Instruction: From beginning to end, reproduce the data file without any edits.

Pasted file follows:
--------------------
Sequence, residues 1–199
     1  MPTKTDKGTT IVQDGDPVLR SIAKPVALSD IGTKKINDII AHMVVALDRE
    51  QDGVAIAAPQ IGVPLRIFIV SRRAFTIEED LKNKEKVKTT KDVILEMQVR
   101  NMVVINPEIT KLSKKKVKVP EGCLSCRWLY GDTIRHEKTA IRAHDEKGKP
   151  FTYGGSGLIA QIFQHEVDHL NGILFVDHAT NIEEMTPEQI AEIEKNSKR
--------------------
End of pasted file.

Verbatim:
Sequence, residues 1–199
     1  MPTKTDKGTT IVQDGDPVLR SIAKPVALSD IGTKKINDII AHMVVALDRE
    51  QDGVAIAAPQ IGVPLRIFIV SRRAFTIEED LKNKEKVKTT KDVILEMQVR
   101  NMVVINPEIT KLSKKKVKVP EGCLSCRWLY GDTIRHEKTA IRAHDEKGKP
   151  FTYGGSGLIA QIFQHEVDHL NGILFVDHAT NIEEMTPEQI AEIEKNSKR